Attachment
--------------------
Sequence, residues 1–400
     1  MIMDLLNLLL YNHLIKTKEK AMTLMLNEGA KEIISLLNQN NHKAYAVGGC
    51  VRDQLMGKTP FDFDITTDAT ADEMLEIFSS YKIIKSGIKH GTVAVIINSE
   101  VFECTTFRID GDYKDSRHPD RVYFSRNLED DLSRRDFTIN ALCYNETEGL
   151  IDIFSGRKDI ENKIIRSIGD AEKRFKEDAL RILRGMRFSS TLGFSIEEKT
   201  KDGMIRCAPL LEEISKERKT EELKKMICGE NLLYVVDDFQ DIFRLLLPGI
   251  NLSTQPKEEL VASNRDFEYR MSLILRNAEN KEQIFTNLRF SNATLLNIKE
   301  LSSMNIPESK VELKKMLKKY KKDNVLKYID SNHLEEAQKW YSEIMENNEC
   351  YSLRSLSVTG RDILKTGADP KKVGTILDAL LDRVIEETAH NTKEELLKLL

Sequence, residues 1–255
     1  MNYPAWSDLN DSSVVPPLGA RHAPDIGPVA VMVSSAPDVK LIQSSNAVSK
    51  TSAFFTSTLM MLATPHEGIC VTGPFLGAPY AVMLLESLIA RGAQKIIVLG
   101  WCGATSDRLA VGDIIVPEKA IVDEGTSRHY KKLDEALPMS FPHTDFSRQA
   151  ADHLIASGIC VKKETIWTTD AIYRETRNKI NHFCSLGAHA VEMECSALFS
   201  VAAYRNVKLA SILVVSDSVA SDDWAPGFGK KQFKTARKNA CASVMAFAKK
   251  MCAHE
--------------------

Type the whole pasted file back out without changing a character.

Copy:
Sequence, residues 1–400
     1  MIMDLLNLLL YNHLIKTKEK AMTLMLNEGA KEIISLLNQN NHKAYAVGGC
    51  VRDQLMGKTP FDFDITTDAT ADEMLEIFSS YKIIKSGIKH GTVAVIINSE
   101  VFECTTFRID GDYKDSRHPD RVYFSRNLED DLSRRDFTIN ALCYNETEGL
   151  IDIFSGRKDI ENKIIRSIGD AEKRFKEDAL RILRGMRFSS TLGFSIEEKT
   201  KDGMIRCAPL LEEISKERKT EELKKMICGE NLLYVVDDFQ DIFRLLLPGI
   251  NLSTQPKEEL VASNRDFEYR MSLILRNAEN KEQIFTNLRF SNATLLNIKE
   301  LSSMNIPESK VELKKMLKKY KKDNVLKYID SNHLEEAQKW YSEIMENNEC
   351  YSLRSLSVTG RDILKTGADP KKVGTILDAL LDRVIEETAH NTKEELLKLL

Sequence, residues 1–255
     1  MNYPAWSDLN DSSVVPPLGA RHAPDIGPVA VMVSSAPDVK LIQSSNAVSK
    51  TSAFFTSTLM MLATPHEGIC VTGPFLGAPY AVMLLESLIA RGAQKIIVLG
   101  WCGATSDRLA VGDIIVPEKA IVDEGTSRHY KKLDEALPMS FPHTDFSRQA
   151  ADHLIASGIC VKKETIWTTD AIYRETRNKI NHFCSLGAHA VEMECSALFS
   201  VAAYRNVKLA SILVVSDSVA SDDWAPGFGK KQFKTARKNA CASVMAFAKK
   251  MCAHE